I participated in the ICOS dissertation poster session today, and while there had a number of helpful conversations about my dissertation. One of the preliminary findings I included on my poster discussed the perspective-taking and social language use I’ve noticed in interviews with members of the bridge project. Perspective-taking is a concept found in psychology literature, and it usually refers to our developed abilities to understand that other people have experiences different from our own. Some education researchers such as Hunter Gehlbach at Harvard use the idea of social perspective taking as a way to help students develop social skills. Linguists such as James Pennebaker at UT-Austin use the term social thinking to refer to language that indicates an awareness of other people.
In my data, members of the bridge building project indicate their perspective taking abilities and social thinking when they make comments such as
I would think that if you guys got involved with maybe [a community college], they have a concrete technology program up there. You could get a lot of free help with a lot of experiments up there, and they’re more than willing to work with concrete and do labs and anything you guys don’t like doing.
By saying, “I would think…,” the interviewee indicates awareness that someone else might think something else. The speaker implies that there is more than one idea about what the listener (“you guys”) might want to do. In other interviews, my participants express concern about the goals other members of the project have when they make statements such as, “Well, I know he’s more concerned about cost.” Here, the speaker explicitly tells us that he understand another person’s concerns and knows their relative importance.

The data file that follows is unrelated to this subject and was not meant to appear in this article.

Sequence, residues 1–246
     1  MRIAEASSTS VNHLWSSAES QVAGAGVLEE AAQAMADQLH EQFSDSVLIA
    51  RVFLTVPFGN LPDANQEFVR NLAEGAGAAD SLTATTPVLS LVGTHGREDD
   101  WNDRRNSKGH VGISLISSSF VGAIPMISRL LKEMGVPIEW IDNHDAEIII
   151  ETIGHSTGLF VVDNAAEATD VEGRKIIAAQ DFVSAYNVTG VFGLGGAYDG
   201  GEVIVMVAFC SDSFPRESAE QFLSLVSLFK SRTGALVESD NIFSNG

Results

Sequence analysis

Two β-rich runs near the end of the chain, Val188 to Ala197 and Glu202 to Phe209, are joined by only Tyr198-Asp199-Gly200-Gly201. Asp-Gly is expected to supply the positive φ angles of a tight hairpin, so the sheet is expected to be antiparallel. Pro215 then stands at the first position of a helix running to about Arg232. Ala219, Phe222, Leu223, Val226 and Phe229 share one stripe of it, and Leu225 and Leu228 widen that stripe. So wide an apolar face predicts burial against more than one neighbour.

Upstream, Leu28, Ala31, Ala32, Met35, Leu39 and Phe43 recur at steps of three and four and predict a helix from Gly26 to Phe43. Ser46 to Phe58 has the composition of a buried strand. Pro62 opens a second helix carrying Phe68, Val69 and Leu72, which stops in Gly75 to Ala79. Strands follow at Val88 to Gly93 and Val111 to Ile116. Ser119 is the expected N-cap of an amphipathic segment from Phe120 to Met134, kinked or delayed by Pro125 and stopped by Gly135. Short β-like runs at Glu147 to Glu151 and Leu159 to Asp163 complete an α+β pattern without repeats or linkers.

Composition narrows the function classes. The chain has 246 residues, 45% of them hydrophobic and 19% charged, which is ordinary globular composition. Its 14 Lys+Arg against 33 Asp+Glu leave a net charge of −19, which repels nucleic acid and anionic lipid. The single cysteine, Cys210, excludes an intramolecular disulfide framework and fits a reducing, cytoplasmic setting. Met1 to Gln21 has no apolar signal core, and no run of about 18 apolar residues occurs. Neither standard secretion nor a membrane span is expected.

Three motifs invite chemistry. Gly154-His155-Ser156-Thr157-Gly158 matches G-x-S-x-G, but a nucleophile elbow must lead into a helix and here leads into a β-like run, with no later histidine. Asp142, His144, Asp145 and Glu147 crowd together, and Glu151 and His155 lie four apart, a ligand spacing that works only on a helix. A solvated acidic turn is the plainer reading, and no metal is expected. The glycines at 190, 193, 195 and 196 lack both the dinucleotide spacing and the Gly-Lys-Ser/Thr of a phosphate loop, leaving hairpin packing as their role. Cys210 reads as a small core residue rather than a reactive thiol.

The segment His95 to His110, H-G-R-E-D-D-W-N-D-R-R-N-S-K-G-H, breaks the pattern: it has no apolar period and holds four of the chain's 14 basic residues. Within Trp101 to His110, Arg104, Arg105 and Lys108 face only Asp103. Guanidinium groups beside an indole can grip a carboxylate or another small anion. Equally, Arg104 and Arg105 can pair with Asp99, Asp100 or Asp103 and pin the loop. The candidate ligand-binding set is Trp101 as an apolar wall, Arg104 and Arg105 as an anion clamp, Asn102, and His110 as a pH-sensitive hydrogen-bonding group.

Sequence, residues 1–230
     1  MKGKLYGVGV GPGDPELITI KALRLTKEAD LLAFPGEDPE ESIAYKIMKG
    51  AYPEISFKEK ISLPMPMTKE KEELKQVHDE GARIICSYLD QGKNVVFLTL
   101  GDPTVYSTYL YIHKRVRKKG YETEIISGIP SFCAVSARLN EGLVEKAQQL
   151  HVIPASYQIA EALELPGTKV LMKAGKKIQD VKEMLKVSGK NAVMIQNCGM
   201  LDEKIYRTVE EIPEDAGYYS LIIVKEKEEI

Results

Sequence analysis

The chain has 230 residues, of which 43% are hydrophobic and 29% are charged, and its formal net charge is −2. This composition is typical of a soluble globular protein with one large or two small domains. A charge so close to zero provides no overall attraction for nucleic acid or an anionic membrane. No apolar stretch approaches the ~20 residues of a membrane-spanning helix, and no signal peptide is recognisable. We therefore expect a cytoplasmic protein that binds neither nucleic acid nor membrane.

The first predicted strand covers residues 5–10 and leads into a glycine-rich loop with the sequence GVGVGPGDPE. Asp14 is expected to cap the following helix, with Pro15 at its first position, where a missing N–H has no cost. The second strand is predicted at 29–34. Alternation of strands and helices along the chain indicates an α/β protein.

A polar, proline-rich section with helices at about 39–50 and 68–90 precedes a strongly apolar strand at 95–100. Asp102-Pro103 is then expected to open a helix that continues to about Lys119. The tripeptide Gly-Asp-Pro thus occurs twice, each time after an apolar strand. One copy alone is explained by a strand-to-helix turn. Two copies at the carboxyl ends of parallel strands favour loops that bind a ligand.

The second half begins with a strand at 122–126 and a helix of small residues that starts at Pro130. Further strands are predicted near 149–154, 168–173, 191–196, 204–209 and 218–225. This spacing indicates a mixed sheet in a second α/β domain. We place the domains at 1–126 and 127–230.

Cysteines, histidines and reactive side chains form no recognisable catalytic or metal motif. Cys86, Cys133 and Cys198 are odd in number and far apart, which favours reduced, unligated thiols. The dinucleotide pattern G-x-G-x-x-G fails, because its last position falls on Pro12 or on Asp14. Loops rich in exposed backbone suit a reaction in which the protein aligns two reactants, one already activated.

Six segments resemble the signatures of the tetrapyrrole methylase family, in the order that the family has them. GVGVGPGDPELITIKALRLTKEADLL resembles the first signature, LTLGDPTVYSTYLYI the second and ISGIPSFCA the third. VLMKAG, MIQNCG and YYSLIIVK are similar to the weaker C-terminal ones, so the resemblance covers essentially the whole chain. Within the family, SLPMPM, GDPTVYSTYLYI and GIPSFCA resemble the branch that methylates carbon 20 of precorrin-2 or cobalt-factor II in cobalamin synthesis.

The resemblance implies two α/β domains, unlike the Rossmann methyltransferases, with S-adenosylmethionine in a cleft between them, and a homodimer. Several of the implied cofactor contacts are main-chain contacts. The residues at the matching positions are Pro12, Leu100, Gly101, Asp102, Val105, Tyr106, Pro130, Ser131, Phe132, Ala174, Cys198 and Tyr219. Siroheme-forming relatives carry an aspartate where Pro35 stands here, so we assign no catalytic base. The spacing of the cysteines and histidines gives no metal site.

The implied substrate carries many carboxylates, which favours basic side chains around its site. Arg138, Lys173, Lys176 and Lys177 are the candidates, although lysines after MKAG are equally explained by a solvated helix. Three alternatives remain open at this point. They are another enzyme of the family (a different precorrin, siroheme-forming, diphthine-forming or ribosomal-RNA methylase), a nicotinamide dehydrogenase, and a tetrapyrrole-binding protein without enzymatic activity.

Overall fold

Why does it matter that my participants demonstrate perspective taking and use social language? Project teams that include people who respect and understand perspectives that differ from their own are more successful. By “more successful” I mean those teams are more likely to accomplish their goals, have positive affect and impressions of their work, and maybe even to work together again. The social aspects of the relational engagement that perspective taking produces eases tension and builds commitment among project team members, making it easier for project teams to work together smoothly. It may be that positive relational engagement – interactions among team members characterized by perspective taking and social thinking – is more important than project structure or timing. When we talk about projects, especially engineering projects, we often focus on how they should be managed at the project level; when should what get done, who should do it, to whom should that guy report. It may make more sense for us to focus on managing interpersonal relationships on the project team, developing trust and concern for one another. The way we relate to our project teammates is likely to have a huge impact on our ability to work together successfully.